New Zealand is a beautiful country located down under. It is often clubbed with Australia as far as traditions, culture, and practices are concerned. Both countries have a common interest in certain sports like Cricket and Rugby. Yes, both the countries a part of the Commonwealth Group of Nations have been under the British Monarchy for many years’ centuries back.
As the world started becoming globalized, there was a need for New Zealand to integrate itself with major blocks of a nation. Hence it would be a good idea to try and find answers to the question “Is New Zealand in European Union” or “Is New Zealand an EU member”.
Due to the Copenhagen Criteria, New Zealand is not a member of the European Union as it is not located in Europe. New Zealand is a member of both the British Commonwealth and European Economic Community (EEC) though and has excellent relations with European countries in and outside the EU.
Is New Zealand an EU member?
New Zealand has a close and mutually beneficial trade, culture, and people-to-people relationship with the European and the various member states that make up the EU. Most of the EU nationals and New Zealand have shared histories, and there are also much strong trade and personal connections. All these countries, like New Zealand, believe in democracy and the rule of the law.
There is also respect for human rights and most members of the EU and New Zealand also believe in the concept of international citizenship. New Zealand also has shared interests as far as climatic changes, international security, and also the development of the Pacific Zone is concerned.
However, having said all this, we need to understand that New Zealand has not become a member of the European Union. We need to understand the reason for this. The countries that make up the European Union are connected geographically by land and are neighboring countries. On the other hand, New Zealand is located thousands of miles away from all the countries of the EU.
The EU’s Copenhagen Criteria define whether a country is eligible to join the European Union. To join The EU, states must:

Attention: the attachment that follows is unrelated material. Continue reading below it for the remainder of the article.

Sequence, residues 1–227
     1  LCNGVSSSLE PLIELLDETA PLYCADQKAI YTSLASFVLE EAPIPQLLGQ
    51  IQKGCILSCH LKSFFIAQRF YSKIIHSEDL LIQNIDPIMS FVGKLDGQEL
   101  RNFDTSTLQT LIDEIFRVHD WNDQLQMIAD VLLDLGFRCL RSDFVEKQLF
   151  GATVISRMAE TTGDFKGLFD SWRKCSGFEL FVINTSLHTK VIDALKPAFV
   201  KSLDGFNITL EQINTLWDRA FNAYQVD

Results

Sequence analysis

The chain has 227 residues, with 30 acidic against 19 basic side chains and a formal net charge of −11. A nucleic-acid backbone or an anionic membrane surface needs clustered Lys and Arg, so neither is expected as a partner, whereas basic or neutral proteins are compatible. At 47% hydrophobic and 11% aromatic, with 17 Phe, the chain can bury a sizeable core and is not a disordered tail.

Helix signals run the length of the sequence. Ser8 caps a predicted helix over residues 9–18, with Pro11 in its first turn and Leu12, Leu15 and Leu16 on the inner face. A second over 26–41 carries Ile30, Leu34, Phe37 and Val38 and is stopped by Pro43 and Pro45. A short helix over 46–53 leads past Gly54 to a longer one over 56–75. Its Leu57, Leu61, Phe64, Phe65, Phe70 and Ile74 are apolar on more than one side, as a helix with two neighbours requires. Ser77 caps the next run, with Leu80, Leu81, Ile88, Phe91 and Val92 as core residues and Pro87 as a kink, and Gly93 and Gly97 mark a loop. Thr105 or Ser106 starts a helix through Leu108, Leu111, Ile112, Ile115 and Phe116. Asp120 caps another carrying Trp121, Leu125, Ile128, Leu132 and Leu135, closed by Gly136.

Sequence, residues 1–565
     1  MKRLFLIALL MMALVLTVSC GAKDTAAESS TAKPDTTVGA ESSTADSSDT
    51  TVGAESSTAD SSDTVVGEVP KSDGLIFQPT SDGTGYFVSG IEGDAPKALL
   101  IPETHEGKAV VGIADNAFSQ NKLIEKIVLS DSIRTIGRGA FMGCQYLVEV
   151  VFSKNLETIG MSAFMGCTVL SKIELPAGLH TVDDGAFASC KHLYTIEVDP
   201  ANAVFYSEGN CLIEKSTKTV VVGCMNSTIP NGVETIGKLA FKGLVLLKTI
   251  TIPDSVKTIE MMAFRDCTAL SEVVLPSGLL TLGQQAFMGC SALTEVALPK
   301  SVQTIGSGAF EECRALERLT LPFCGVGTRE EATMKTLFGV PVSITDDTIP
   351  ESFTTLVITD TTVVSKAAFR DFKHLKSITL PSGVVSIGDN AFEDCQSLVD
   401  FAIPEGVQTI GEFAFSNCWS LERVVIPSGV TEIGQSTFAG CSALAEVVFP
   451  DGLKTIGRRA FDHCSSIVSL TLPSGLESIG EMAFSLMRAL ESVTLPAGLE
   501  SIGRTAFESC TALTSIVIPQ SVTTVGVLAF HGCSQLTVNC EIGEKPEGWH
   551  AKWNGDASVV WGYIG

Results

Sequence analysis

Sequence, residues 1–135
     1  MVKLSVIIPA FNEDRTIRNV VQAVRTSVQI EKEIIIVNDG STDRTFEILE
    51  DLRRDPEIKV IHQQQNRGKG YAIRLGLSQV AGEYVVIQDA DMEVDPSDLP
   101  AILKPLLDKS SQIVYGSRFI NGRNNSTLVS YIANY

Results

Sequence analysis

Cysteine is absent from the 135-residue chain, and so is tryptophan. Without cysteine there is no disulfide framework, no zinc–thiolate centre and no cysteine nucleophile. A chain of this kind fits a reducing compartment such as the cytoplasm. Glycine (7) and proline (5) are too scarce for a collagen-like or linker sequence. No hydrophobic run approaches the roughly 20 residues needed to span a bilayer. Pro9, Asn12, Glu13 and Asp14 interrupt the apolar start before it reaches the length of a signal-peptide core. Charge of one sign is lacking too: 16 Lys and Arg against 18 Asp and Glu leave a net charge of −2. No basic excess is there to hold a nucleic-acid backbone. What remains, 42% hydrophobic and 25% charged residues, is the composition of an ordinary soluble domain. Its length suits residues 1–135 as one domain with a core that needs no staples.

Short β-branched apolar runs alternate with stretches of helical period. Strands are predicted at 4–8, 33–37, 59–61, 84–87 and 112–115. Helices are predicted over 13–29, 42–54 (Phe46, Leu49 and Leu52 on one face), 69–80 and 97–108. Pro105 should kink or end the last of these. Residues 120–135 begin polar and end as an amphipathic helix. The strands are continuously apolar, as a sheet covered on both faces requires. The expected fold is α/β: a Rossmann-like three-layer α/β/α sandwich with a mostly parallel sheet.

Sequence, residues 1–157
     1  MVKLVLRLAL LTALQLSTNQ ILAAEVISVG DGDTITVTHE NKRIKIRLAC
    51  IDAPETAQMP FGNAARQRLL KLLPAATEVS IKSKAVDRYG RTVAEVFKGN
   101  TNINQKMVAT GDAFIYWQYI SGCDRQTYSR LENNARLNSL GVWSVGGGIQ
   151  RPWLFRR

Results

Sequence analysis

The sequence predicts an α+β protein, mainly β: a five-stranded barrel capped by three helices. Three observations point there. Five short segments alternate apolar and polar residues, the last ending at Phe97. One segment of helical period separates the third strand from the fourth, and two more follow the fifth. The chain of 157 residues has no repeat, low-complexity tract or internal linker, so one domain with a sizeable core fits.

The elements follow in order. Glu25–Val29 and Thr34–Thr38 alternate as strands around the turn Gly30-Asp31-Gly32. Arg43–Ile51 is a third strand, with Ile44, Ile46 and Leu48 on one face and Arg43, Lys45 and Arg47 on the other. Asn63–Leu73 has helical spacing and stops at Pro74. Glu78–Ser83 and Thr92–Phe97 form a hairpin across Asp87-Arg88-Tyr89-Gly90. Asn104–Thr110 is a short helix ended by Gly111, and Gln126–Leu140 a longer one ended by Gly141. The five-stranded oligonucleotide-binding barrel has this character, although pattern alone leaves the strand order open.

- Be a European country
- Preserve democracy
- Honer human rights
- Have a functioning market economy
- Accepts the obligations and intent of the EU
Even though New Zealand could fulfill most of these, it is not a European country. Having said this, there is no doubt that New Zealand continues to have excellent relations with almost all the European Union Nations, and the trade and commerce both ways between New Zealand and the EU continues to flourish and move from one level of success to another.
When did New Zealand enter into the European Economic Community (EEC)?
New Zealand has been a member of the EEC (European Economic Community) for many years and perhaps since 1961. However, there is a sweet-sour history when it comes to New Zealand’s joining the EEC. Though Britain had a lot to gain by becoming a member of the EEC, it was not greeted with happiness in New Zealand. This is because the nations that founded the EEC agreed to what is referred to as a Common Agricultural Policy.
This in effect, meant that outside producers would not be given access to the lucrative and huge European Market. They justified the exclusion of countries like New Zealand to ensure continuous food supply to the EEC in case of war or other such emergency situations. This, they said, was important to secure the interests of the rural communities. If Britain was to become a member of the EEC then they had to also agree that they will not be buying agricultural, milk, and dairy products from New Zealand.